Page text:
Jennifer Araoz filed court papers seeking information from Epstein in preparation for suing him, and she aired her allegations on NBC’s “Today” show, though she said she hadn’t discussed them with authorities.
The 32-year-old makeup artist told “Today” she never went to police because she feared retribution from the well-connected Epstein, who is now facing federal charges of abusing dozens of underage girls in New York and Florida in the early 2000s. He has pleaded not guilty.
“What hurts me even more so is that if I wasn’t afraid to come forward sooner, then maybe he wouldn’t have done it to other girls,” Araoz said. “I feel really guilty to this day.”
Messages were left with Epstein’s attorneys and New York police seeking comment on Araoz’s claims. The U.S. Attorney’s Office in Manhattan declined to comment on them.
One of Araoz’ attorneys, Daniel Kaiser, declined to comment Wednesday afternoon on whether he’d heard from authorities after Araoz went public with her accusation.
It came two days after Epstein, a 66-year-old Wall Street master of high finance with friends in very high places, such as former President Bill Clinton and former Secretary of State Hillary Clinton, pleaded not guilty to sex-trafficking and conspiracy charges. The indictment could land him behind bars for up to 45 years if he is convicted.
Epstein has not been charged with assaulting Araoz. But her account contradicts his defense attorneys’ contention that Epstein never used violence or coerced anyone who gave him massages.
“She was a child — a child on welfare, with no father, who was groomed, recruited and preyed upon,” said Kimberly Lerner, who represents Araoz with Kaiser. Araoz’s father died when she was 12.
U.S. Attorney Geoffrey Berman said Monday that many of Epstein’s alleged victims “were particularly vulnerable to exploitation,” for reasons he declined to detail. He and other law enforcement officials repeatedly urged other potential victims and people with information about Epstein to come forward.
Araoz, in her court filing and TV interview, said her first contact with Epstein came in 2001, when she was a 14-year-old high school freshman at a performing arts high school, aspiring to become an actress. She said she was approached outside her school by a woman who told her that Epstein was a caring person who would help her with her career.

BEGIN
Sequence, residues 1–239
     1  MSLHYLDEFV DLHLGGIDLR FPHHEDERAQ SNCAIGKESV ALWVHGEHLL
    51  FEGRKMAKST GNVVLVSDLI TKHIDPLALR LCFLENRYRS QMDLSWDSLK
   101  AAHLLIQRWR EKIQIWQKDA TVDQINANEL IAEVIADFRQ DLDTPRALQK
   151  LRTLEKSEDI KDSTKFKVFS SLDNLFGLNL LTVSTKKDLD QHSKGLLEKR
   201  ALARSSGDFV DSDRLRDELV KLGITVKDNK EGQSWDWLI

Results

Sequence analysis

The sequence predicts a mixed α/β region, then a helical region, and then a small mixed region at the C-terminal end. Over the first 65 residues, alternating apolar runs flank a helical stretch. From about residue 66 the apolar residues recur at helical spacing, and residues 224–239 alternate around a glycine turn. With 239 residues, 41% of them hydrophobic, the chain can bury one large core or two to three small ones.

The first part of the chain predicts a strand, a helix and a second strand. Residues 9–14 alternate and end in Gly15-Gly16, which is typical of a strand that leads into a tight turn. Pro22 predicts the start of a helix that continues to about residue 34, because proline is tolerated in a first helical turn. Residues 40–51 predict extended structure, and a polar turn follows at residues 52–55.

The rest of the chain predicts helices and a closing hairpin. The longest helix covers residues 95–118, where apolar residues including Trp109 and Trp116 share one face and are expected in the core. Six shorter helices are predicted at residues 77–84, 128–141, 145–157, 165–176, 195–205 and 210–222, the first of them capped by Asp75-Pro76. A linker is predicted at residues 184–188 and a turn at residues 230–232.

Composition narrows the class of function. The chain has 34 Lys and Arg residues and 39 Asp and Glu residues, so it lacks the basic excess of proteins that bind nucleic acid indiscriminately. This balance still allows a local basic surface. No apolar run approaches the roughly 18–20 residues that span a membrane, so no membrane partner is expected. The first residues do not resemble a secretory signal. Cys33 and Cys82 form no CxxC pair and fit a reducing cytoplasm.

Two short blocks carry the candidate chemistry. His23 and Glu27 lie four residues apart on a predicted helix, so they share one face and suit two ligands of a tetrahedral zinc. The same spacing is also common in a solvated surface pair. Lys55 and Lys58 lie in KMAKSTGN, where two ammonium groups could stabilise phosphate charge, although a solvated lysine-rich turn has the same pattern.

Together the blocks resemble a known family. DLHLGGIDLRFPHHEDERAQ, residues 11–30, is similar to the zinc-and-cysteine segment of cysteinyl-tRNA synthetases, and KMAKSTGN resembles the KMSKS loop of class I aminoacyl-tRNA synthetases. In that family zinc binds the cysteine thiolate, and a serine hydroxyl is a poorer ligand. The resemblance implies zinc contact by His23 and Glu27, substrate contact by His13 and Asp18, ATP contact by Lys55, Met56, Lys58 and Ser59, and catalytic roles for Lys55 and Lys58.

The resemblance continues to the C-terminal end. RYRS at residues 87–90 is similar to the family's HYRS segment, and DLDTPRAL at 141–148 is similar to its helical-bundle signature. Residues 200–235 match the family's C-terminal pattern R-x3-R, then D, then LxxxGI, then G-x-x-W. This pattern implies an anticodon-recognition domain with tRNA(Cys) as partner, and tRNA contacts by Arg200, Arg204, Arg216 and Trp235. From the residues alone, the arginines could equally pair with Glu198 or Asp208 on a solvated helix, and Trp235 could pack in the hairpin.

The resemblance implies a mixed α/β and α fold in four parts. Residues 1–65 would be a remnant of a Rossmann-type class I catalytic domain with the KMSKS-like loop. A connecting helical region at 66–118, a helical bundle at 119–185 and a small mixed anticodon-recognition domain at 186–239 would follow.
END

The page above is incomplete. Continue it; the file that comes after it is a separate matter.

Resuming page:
Araoz found Epstein welcoming, showing her his mansion filled with exotic taxidermy and elaborately painted ceilings, while his staff offered her wine and cheese, she said.
After a few weeks of visits, each ending with a $300 payment, she said she was escorted to a “massage room,” with a ceiling painted to resemble angels in a blue sky. There, she said, she would give him massages that would often lead to sex acts.
“I take care of you, you take care of me,” Epstein told her, according to her court papers.
She said Epstein had a painting of a naked woman that he said resembled her; she also recalled prosthetic breasts he would play with while bathing.
“It was very odd,” she said on “Today.”
The visits continued once or twice a week until she turned 15, when she said Epstein told her to remove her underwear and climb on top of him.
She said she told him she didn’t want to but that he forcibly had sex with her anyway.
“I don’t want to say I was screaming, or anything of that nature. But I was terrified. And I was telling him to stop,” she said.
“He had no intentions of stopping,” she said. “He knew exactly what he was doing.”
Araoz said she was “terrified” after the assault and never returned to Epstein’s home. She even left her high school because it was so close to his mansion.
Epstein’s staff continued trying to contact her for about a year, Araoz said, but she didn’t respond.
A once-secret allowed Epstein to avoid a potentially lengthy prison sentence nearly a decade ago in a case involving nearly identical allegations of sexually abusing underage girls.
Epstein pleaded guilty to lesser state charges and spent 13 months in jail. That plea deal was supposed to protect Epstein from federal prosecution, his lawyers say. They argue the new federal charges should be dismissed.
They were brought by federal prosecutors in New York, who say the Florida deal does not apply to them. They said the new charges overlap with the earlier case but include new allegations and victims from New York.